Construction has come back from a difficult recession to assume its rightful place as a leader of the economic recovery. Manufacturing in our state has shown growth and stabilization. Even the assumed rate increase anticipated from the Federal Reserve will help those living on retirement investments, a significant and growing segment of our population.

The most important factor however, is emotion. The feelings of consumers will impact those intangibles in the economy and either support or undermine our progress, but it is too early to come to a conclusion. There has been no market correction in some time, we are in the seventh year of our recovery and business cycles usually follow a seven year track, but our fundamentals are strong, and we have begun to build momentum. Every sports fan knows that that may be the strongest indicator of the ultimate outcome.

Bottom line is that it is too early to panic but awareness and investigation are always appropriate. Right now that is probably the best course of action to take.

Wednesday, September 2, 2015

South Carolina's Aerospace Cluster Is Outpacing Southeastern Neighbors

South Carolina is outpacing North Carolina, Georgia and Alabama in private sector aerospace employment and revenue growth, according to Dr. Joseph Von Nessen, a research economist with the University of South Carolina’s Darla Moore School of Business.
In partnership with the South Carolina Council on Competitiveness and the Harvard Business School, Dr. Von Nessen presented his analysis entitled “Aerospace in the Southeast: South Carolina and Its Competitive Markets,” during the second annual South Carolina Aerospace Conference and Expo held in Columbia, S.C.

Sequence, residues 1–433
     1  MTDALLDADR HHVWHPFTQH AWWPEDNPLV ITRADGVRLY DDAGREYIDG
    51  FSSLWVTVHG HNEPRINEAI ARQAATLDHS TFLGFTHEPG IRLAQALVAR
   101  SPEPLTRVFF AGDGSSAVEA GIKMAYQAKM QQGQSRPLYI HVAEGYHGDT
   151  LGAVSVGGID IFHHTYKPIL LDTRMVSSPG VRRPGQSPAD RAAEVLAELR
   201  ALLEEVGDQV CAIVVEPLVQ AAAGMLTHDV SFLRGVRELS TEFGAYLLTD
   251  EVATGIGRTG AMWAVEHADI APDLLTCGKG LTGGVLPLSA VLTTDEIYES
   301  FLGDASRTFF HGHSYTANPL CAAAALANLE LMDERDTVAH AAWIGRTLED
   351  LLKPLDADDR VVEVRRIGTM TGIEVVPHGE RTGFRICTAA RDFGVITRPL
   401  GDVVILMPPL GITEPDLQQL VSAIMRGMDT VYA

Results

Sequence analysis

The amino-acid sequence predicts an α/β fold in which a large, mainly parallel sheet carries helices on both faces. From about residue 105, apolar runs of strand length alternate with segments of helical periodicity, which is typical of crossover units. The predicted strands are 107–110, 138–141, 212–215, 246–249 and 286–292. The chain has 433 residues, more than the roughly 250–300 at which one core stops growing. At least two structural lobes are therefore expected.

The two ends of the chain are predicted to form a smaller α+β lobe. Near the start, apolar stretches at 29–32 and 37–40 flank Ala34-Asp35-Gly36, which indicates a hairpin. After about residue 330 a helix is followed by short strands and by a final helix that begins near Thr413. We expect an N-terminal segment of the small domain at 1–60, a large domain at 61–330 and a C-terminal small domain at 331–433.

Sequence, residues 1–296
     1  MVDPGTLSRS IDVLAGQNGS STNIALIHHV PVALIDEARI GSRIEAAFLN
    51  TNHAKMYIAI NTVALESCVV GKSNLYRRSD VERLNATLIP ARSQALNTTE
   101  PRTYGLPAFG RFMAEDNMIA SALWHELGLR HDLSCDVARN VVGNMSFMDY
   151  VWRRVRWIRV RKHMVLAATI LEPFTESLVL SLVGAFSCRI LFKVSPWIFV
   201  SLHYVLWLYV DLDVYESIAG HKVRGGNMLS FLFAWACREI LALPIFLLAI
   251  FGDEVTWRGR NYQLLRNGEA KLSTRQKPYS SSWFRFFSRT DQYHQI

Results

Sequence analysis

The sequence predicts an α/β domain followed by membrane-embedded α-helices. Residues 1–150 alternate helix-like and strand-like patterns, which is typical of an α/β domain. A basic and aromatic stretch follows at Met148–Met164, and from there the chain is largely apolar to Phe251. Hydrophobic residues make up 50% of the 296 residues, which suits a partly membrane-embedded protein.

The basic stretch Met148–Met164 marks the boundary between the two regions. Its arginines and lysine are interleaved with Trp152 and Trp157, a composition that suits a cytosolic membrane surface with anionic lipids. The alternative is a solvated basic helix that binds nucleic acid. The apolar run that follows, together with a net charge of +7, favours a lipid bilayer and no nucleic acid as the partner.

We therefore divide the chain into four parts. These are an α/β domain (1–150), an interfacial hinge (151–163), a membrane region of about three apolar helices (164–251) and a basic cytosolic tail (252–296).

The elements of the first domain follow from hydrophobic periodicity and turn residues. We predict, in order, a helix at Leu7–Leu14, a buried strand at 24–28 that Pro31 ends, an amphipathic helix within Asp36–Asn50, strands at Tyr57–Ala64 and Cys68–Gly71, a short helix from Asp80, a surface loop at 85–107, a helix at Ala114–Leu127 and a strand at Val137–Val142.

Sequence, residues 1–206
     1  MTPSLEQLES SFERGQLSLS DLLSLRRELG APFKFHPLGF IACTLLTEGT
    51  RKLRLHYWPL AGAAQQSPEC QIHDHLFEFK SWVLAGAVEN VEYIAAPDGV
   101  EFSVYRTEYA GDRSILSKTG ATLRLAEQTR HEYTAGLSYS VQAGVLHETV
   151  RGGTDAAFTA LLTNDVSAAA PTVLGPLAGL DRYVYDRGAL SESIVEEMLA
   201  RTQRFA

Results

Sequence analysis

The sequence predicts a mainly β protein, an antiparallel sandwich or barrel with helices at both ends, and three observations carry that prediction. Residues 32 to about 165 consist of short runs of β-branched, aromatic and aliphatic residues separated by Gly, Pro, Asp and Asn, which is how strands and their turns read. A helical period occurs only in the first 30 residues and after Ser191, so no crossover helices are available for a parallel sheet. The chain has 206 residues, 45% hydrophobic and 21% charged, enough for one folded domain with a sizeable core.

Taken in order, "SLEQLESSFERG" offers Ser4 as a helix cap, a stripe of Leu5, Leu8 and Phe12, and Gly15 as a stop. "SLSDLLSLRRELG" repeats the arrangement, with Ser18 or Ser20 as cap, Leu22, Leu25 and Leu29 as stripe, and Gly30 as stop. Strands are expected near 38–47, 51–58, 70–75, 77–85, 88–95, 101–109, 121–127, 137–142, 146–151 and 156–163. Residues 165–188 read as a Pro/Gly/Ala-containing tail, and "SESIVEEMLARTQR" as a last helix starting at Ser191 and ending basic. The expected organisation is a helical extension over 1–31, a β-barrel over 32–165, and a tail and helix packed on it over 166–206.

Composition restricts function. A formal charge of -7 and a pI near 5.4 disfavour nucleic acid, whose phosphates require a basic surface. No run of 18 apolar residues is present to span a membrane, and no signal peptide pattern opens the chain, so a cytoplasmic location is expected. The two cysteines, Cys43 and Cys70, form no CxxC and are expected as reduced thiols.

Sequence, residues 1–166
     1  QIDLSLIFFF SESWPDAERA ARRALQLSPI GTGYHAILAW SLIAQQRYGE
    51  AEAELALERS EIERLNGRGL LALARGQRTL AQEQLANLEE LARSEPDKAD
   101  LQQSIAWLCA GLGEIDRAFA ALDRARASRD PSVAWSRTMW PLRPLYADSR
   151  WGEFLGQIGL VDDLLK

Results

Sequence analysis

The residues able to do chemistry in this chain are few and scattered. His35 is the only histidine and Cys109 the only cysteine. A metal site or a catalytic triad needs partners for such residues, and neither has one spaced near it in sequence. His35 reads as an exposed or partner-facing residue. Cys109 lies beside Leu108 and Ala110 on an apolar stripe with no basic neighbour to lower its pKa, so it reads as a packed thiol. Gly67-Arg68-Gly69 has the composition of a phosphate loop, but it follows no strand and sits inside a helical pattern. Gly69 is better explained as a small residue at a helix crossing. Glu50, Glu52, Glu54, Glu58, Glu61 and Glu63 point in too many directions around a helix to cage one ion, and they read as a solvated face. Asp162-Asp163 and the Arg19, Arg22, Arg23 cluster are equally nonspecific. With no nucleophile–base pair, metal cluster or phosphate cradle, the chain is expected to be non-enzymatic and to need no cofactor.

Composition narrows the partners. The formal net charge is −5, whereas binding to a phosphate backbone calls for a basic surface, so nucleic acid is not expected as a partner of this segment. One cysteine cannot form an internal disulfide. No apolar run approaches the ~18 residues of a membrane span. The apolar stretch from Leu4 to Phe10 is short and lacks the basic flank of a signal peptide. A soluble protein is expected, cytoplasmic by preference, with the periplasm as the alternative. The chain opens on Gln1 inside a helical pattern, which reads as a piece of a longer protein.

Among the key findings of the analysis:
  • From 2010-2012, South Carolina’s annual private sector aerospace employment growth increased by 15.5 percent, which exceeded North Carolina (increased by 10.7 percent), Alabama (increased by 2.5 percent) and Georgia (declined by 2.3 percent).
  • From 2010-2012, South Carolina’s annual private sector aerospace revenue growth increased by 15.5 percent, which exceeded North Carolina (increased by 8.1 percent), Georgia (increased by 6.9 percent) and Alabama (declined by 1.8 percent).
  • In private sector aerospace firm growth, South Carolina experienced an 18.7 percent increase, ranking third behind North Carolina (25.3 percent increase) and Alabama (21.3 percent increase) and ahead of Georgia, which ranked fourth with a 14.1 percent increase.
South Carolina’s aerospace cluster includes manufacturing, air transportation and air transportation support services firms operating in the private sector and the state’s four military aviation facilities. The private sector component of the aerospace cluster in South Carolina contains more than 400 firms. Approximately 74 percent of these firms are small businesses, containing five or fewer employees.
“As I’ve always said, when we get a lot of smart people together in one place, good things will happen. We will use the findings included in this report to continue the conversations about the future of our fastest-growing industry cluster,” said SC Department of Commerce Secretary Bobby Hitt. “Above all else, the report shows that aerospace is now a major pillar of South Carolina’s economy and will remain so for the foreseeable future.”
“The findings show South Carolina is competing well with other states, but the findings also show there are is an opportunity to increase firm growth and diversify the sectors within the industry,” said Ann Marie Stieritz, president and CEO of the South Carolina Council on Competitiveness. “The Council is guided by this information as we continue our work with individual companies and the support chain to establish a robust aerospace industry in South Carolina.”